John Oliver said it best: April 15 combines Americans two most-hated things: taxes and math.  I’ve been thinking about the latter recently after hearing a fascinating talk last weekend about quantitative literacy.

QL is meant to describe our ability to think with, and about, numbers.  QL doesn’t include  high-level math skills, but usually is meant to describe  our ability to understand percentages and proportions and basic mathematical operations.This is a really important type of literacy, of course, but I fear that the QL movement could benefit from merging QL with SL–Statistical Literacy.

No surprise, that, coming from this blog.  But let me tell you why.  The speaker began by saying that many Americans can’t figure out, given the amount of gas in their tank, how many miles they have to drive before they run out of gas.

This dumbfounded me.  If it were literally true, you’d see stalled cars every few blocks in Los Angeles.  (Now we see them only every 3 or 4 miles.)  But I also thought, wait, do I know how far I can drive before I run out of gas?  My gas gauge says I have half a tank left, and I think (but am not certain) that my tank holds 16 gallons.  That means I probably have 8 gallons left.  I can see I’ve driven about 200 miles since I last filled up because I remembered to hit that little mileage reset button that keeps track of such things.  And so I’m averaging 25 mpg. But I’m also planning a trip to San Diego in the next couple of days, and then I’ll be driving on the highway, and so my mileage will improve.  And that 25 mpg is just an average, and averages have variability, but I don’t really have a sense of the variability of that mean.  And this problem requires that I know my mpg in the future, and, well, of all the things you can predict, the future is the hardest.  And so, I’m left to conclude that I don’t really know when my car will run out gas.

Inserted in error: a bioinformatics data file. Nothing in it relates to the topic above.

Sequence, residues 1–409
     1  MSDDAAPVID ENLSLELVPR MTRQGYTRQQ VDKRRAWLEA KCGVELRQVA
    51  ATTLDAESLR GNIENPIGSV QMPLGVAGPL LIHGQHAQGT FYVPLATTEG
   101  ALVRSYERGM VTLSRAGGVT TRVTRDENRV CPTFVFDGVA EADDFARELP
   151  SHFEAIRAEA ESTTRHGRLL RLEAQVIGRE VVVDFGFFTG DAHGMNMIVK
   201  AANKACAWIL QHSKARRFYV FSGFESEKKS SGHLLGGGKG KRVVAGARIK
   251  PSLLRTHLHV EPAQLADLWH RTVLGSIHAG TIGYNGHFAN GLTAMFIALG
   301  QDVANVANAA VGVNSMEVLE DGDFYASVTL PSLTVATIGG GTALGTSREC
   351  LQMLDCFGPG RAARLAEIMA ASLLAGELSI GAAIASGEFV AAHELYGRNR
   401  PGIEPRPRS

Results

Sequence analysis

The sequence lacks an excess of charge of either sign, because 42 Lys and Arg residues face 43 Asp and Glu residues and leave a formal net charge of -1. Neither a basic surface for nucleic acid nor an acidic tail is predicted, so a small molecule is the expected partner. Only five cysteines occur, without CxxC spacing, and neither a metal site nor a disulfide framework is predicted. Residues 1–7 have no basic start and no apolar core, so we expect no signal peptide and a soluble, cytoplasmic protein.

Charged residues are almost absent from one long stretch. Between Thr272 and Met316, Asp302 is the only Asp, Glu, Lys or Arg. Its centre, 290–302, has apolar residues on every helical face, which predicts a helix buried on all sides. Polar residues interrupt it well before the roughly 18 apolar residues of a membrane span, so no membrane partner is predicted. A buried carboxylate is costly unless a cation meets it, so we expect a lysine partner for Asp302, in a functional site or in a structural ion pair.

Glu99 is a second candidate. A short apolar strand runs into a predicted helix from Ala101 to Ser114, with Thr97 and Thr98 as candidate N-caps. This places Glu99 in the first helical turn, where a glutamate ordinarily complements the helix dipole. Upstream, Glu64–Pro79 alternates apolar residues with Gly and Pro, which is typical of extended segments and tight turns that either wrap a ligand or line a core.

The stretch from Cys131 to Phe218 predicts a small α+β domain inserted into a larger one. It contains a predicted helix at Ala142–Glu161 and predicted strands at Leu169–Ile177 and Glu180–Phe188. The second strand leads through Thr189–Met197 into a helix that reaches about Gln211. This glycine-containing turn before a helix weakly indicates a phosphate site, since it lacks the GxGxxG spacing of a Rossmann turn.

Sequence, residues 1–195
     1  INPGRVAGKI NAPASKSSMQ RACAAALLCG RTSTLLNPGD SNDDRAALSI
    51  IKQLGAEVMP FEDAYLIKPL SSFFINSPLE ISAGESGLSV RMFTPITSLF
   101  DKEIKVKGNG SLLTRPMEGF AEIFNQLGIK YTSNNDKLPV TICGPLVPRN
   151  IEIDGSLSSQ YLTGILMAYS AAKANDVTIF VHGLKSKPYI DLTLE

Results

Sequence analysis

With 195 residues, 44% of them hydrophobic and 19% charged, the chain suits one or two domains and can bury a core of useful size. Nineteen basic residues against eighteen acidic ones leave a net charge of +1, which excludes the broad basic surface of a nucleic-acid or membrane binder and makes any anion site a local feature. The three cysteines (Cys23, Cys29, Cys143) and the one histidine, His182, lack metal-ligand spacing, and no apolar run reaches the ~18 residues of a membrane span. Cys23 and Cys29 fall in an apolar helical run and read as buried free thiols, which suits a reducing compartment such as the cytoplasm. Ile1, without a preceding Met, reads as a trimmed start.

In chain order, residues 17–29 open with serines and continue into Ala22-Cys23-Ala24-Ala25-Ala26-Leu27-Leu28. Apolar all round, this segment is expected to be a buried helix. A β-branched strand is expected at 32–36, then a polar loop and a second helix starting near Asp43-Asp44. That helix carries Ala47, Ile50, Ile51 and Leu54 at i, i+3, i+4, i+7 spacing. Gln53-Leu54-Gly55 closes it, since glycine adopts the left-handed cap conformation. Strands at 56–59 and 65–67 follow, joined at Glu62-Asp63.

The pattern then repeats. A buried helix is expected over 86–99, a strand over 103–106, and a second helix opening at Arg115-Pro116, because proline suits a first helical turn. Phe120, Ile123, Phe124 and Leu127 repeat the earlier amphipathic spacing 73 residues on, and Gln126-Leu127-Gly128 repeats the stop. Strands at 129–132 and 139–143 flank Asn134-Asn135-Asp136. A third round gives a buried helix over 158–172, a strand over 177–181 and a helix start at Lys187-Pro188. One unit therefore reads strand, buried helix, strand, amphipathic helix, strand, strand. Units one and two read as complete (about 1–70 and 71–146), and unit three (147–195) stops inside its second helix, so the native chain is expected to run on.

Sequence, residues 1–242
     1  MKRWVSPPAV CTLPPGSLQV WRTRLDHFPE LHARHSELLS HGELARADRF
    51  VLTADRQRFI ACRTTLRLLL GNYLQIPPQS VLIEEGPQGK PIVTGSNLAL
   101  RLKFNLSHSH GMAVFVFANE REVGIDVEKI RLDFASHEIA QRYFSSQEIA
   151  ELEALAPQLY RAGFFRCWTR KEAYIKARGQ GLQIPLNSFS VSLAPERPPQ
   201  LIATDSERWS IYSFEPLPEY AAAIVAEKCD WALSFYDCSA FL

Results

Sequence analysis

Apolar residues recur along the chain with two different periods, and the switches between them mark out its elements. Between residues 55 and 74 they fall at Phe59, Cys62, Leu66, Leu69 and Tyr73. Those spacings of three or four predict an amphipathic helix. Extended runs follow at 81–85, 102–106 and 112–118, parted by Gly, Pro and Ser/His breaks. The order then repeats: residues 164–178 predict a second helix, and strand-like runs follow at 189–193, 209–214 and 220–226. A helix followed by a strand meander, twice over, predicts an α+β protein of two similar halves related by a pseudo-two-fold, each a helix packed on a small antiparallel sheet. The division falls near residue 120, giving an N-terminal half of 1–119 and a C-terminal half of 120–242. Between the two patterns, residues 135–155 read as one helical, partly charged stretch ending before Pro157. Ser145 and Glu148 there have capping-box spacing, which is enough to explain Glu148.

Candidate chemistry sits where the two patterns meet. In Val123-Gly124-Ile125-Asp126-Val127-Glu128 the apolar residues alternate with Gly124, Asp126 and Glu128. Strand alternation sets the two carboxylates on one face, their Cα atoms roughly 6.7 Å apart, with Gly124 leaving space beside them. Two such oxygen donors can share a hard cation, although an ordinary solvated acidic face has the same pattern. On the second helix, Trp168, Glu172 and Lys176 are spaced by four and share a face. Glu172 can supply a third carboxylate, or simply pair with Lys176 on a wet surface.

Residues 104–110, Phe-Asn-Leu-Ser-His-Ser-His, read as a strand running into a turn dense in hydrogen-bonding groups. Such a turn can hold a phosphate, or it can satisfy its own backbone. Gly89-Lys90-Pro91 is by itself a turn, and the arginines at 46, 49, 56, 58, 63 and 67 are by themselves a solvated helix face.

Now while I don’t know the exact number of miles I can drive, I can estimate the value.  With a little more data I can measure the uncertainty in this estimate, too, and use that to decide, when the tank gets low, if I should push my luck (or push my car).